PARIS — Of the four candidates with a realistic chance to become France’s next president, three oppose Western sanctions against Russia.
Two would take France out of NATO’s military command, or perhaps remove it from the alliance altogether.
And the one candidate who fits neither category would dramatically increase European defense cooperation to lessen dependence on what he regards as an unreliable United States.
When French voters make their choices Sunday in the first round of the country’s utterly unpredictable presidential race, the status quo for Western security won’t be on the ballot. Instead the election could become yet another convulsive moment for a decades-old international security order that is still wobbling from the turbulence of President Trump.
In the run-up to the vote, attention both inside and outside France has focused on the political and economic consequences of a potential Frexit from the European Union or the euro currency. With the killing of a Paris police officer Thursday night in an attack claimed by the Islamic State, proposals to close borders and aggressively crack down on domestic security threats are also at the center of debate. But the election’s impact on NATO and other elements of Western defense could be equally profound.
Victory for either the far right or the far left — candidates representing either extreme are among those locked in the four-way contest for a ticket to the second round — would mark an especially pronounced break for a country that is one of two nuclear-armed powers in Europe, with the world’s sixth-most-powerful military and a seat on the U.N. Security Council.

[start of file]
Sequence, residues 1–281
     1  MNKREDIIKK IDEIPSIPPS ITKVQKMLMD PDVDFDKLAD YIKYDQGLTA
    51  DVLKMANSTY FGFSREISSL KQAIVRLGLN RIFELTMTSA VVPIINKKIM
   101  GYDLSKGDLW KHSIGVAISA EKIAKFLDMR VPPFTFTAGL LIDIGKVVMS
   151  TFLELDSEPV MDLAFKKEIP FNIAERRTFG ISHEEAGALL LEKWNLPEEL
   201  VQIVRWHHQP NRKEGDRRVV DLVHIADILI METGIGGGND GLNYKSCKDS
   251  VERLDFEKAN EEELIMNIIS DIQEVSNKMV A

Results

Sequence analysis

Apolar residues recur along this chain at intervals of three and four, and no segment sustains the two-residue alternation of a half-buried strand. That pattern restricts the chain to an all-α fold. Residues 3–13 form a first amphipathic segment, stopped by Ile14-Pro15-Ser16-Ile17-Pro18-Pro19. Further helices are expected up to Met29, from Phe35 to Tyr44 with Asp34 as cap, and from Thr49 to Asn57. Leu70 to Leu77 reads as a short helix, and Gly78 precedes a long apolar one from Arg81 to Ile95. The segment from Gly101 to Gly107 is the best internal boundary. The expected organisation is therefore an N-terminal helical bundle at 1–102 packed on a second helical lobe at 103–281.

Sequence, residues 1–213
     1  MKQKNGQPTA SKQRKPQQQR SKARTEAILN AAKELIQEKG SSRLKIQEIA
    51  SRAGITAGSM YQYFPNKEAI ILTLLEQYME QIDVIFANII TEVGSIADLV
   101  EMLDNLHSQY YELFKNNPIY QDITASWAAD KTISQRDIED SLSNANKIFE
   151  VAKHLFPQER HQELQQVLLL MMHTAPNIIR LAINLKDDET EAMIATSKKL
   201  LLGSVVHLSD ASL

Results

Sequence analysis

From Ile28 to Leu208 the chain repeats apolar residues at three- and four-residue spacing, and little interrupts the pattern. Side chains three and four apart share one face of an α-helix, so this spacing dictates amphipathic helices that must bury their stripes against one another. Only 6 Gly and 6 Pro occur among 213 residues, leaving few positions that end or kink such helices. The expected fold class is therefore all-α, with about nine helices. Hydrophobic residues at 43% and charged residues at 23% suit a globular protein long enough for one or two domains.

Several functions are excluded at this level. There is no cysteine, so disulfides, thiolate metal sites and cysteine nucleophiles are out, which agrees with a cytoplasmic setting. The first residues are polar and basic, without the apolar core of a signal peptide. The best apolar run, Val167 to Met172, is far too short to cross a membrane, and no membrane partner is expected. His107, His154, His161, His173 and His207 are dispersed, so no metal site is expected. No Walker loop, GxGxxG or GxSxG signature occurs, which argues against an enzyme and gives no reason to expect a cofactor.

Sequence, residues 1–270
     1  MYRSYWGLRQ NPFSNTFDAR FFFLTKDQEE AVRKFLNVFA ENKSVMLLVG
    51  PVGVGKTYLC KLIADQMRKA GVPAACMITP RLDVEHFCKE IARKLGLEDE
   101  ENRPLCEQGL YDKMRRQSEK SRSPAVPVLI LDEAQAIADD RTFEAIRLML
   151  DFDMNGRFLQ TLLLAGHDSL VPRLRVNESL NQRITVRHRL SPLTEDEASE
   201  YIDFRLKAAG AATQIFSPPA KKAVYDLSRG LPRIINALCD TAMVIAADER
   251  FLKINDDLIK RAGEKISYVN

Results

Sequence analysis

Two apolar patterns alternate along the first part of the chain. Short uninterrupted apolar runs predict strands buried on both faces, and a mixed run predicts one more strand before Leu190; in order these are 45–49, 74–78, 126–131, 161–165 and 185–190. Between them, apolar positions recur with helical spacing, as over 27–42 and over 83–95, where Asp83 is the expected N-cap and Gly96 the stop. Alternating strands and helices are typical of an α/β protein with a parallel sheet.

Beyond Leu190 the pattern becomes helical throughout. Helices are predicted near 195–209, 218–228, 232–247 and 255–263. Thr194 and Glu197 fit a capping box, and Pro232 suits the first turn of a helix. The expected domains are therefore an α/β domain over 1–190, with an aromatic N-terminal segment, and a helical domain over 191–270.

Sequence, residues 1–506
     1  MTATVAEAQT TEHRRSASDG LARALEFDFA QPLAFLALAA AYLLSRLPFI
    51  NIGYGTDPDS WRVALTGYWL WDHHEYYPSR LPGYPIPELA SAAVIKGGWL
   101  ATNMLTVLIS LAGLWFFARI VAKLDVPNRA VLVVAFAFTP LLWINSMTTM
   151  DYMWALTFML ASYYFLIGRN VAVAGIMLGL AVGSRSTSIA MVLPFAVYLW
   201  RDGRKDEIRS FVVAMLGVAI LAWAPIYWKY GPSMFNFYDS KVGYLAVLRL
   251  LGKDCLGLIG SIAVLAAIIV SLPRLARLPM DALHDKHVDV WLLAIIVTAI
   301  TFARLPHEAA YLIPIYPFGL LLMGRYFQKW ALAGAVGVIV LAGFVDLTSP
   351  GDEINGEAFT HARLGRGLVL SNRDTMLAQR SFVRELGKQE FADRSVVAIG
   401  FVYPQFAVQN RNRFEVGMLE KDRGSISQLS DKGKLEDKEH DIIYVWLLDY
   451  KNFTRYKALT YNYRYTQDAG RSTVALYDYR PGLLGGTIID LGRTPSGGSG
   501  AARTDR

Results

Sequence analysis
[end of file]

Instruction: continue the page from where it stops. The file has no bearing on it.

“It would be catastrophic — the undoing of 65 years of foreign and security policy,” said François Heisbourg, an analyst with the Paris-based Foundation for Strategic Research and a former defense ministry official. “This is big.”
If there’s peril for the West, there’s opportunity for Russian President Vladimir Putin. Russia meddled in the U.S. election to help Trump, according to U.S. intelligence agencies. Whether Russia is interfering in the French vote is less clear. But analysts say the election undoubtedly offers another potentially disruptive moment for the West that Russia would relish — and likely seek to exploit.
“Putin would take advantage,” Heisbourg said. “The risk of war in and out of Europe would be quite high.”
Not that anyone in France has been talking about it much.
With immigration, the economy and France’s European Union membership topping the campaign agenda, international security and defense are hardly mentioned in stump speeches.
To the extent that the issues are raised at all, it’s to promise a boost in spending for the country’s battle-weary armed forces. That, at least, is one area where there’s consensus among the main candidates.
Yet on more fundamental questions that have largely been overshadowed, there are sharp disagreements — as well as promises of a radical departure.
“No matter who wins,” a recent analysis by the London-based European Leadership Network concluded, “France’s security and defense policy will not be the same, and some candidates would bring revolutionary changes.”
The most dramatic shift would come if either the far right’s Marine Le Pen or the far left’s Jean-Luc Mélenchon manages to pull off a win — a prospect once dismissed as anything from unlikely to impossible, but now being seriously contemplated across Europe.
Despite coming from opposite ends of the political spectrum, both candidates are hostile toward NATO. Mélenchon has dismissed the alliance as a Cold War “anachronism” and an emblem of U.S. imperialism that he wants France to leave behind.
Le Pen also argues that NATO’s time has passed and that France should at least abandon the alliance’s integrated command structure, if not ditch the 28-member organization altogether.